PORTLAND PRESS HERALD DARKROOM
Maine Places To Love: Yarmouth

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    Blooming phalaenopis orchids at Estabrook’s Farms and Greenhouses. (Staff photo by Gordon Chibroski.)

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    Women use the Old Meeting House belfry to watch for enemy planes during World War II. (Photo from the Yarmouth Historical Society Collection.)

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    Dawn had yet to break on Eartha, the giant globe at the former DeLorme headquarters, in this 2013 photo. (Staff photo by Gabe Souza.)

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    “That time of year …” Some leaves still hang at a farm along Sligo Road. (Staff photo by John Patriquin.)

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    An aerial view of Lanes Island near the mouth of the Royal River. The 28-acre island was given to the Maine Coast Heritage Trust in 2014 by Leon and Lisa Gorman. (Maine Coast Heritage Trust photo.)

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    An early-morning view of central Yarmouth. Village character is among the things residents love about the town. (Staff photo by Gregory Rec.)

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    The food booths are always a favorite attraction at the Yarmouth Clam Festival. The First Parish Church is in the background. (Staff photo by Joel Page.)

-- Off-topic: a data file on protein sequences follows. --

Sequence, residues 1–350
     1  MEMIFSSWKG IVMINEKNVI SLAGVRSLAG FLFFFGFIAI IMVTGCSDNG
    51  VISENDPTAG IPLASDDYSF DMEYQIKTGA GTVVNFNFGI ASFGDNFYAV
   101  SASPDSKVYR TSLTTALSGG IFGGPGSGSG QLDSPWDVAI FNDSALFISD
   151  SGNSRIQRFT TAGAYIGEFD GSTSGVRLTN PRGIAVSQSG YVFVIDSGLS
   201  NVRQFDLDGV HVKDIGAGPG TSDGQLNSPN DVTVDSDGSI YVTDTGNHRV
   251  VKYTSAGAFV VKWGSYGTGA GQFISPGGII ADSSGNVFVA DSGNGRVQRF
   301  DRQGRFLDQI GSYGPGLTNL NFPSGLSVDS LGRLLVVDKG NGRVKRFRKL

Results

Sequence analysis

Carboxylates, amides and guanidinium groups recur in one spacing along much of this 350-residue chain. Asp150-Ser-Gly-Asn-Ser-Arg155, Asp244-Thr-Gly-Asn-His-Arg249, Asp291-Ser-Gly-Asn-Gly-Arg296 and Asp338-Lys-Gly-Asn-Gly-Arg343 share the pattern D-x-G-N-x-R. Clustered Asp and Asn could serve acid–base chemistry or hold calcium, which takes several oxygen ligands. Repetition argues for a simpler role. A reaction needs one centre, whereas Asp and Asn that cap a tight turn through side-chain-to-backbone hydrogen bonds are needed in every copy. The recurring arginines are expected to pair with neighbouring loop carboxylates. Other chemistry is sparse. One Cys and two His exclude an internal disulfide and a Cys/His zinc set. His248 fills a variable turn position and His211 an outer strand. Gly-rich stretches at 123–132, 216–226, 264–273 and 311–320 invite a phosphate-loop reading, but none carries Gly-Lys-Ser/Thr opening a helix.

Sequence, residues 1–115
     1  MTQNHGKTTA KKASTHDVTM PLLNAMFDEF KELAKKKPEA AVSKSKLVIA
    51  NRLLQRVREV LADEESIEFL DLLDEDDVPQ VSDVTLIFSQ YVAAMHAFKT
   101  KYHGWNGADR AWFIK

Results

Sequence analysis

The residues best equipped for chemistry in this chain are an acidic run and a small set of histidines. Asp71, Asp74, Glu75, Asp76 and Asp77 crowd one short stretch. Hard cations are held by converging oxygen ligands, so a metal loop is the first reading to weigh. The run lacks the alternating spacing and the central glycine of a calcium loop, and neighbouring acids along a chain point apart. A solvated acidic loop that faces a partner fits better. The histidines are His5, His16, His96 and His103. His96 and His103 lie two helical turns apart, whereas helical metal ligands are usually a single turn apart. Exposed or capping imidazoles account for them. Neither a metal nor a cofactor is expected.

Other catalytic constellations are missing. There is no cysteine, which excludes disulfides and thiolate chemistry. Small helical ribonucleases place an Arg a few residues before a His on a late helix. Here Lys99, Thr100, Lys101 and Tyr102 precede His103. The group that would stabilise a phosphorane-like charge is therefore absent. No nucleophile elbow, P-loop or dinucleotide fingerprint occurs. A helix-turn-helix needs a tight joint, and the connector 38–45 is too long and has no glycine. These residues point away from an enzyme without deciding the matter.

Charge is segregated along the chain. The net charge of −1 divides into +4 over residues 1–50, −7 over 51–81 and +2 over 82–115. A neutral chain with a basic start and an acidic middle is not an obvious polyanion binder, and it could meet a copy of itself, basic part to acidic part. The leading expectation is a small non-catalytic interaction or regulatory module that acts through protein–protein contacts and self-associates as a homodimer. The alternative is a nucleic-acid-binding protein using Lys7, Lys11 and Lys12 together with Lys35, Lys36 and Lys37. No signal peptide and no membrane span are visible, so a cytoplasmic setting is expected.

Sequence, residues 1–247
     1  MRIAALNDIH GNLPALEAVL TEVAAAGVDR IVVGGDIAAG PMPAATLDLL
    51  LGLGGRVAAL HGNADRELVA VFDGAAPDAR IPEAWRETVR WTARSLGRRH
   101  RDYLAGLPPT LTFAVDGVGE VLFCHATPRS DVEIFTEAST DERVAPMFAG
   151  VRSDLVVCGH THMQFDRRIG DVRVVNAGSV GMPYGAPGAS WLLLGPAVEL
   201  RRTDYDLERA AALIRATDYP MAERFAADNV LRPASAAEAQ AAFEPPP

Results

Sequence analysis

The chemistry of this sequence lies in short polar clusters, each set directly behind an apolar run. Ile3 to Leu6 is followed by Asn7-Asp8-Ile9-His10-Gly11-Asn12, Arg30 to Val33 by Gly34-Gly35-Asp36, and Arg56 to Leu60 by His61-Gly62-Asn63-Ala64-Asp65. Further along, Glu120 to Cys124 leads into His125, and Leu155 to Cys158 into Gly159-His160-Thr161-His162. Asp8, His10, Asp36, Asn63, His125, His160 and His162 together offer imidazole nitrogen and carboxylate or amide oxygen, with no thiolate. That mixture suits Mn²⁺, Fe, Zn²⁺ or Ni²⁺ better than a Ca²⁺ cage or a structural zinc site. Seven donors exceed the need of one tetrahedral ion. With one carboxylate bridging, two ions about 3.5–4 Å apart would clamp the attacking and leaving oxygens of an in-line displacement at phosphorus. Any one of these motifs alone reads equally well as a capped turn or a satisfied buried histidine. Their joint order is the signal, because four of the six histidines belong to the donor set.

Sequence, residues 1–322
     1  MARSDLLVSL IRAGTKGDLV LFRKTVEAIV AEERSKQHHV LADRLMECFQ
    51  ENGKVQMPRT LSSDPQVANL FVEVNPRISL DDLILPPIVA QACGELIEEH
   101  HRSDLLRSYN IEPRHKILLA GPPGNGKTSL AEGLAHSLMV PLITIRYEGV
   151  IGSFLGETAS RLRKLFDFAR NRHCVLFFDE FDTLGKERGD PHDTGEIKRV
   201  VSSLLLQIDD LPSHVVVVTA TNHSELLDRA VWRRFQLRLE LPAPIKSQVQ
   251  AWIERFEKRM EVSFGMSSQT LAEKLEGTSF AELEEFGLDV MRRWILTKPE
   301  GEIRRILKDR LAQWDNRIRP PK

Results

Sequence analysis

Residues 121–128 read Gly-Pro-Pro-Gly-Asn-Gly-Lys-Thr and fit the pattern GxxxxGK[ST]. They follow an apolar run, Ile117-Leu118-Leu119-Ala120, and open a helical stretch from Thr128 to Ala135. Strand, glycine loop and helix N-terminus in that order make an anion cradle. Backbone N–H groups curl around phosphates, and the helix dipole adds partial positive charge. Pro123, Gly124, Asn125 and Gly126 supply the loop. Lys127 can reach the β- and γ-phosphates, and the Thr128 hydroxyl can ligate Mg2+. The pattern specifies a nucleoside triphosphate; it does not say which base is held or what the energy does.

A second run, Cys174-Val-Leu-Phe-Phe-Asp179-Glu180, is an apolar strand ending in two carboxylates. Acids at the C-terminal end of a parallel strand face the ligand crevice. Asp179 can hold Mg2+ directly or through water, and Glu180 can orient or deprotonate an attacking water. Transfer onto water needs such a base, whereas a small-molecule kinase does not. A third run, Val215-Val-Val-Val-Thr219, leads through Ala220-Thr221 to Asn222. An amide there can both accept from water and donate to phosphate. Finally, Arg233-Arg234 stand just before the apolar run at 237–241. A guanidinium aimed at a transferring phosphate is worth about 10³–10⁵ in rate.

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    The Ammi Cutter House, one of the oldest in town, bears one of the more than 150 historic markers placed by the Yarmouth Village Improvement Society. (Staff photo by Jack Milton.)

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    Passengers disembark in January cold from the Islander, a ferry owned by the Chebeague Transportation Company, at the dock on Cousins Island. (Staff photo by Gordon Chibroski.)

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    The Old Baptist Meeting House, built in 1796, was undergoing a facelift in 2011. (Staff photo by John Ewing.)

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    People line Main Street to watch the Yarmouth Clam Festival parade. (Staff photo by Jill Brady.)

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    A rower moves out onto Casco Bay off Cousins Island. (Staff photo by Gabe Souza.)

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    This 1923 photograph shows "Soldier Memorial Band Stand,” with the grammar school in the background. (Collection of the Yarmouth Historical Society.)

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    Fishermen try their luck below the Bridge Street dam on the Royal River. (Staff photo by John Patriquin.)

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    Lack of snow in a December past meant Santa had to find other means of travel along U.S. Route 115. (Staff photo by John Patriquin.)

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    The Admiral, a 260-foot ship with a 44-foot beam, is said to be the largest ship ever built in Royal River Harbor. It was built by Blanchard Bros. in 1875 and painted in 1876 by J. Hughes. The painting was given to the Yarmouth Historical Society by Frank Knight and his granddaughter, Andrea Andrea Knight. (Staff photo by Doug Jones.)

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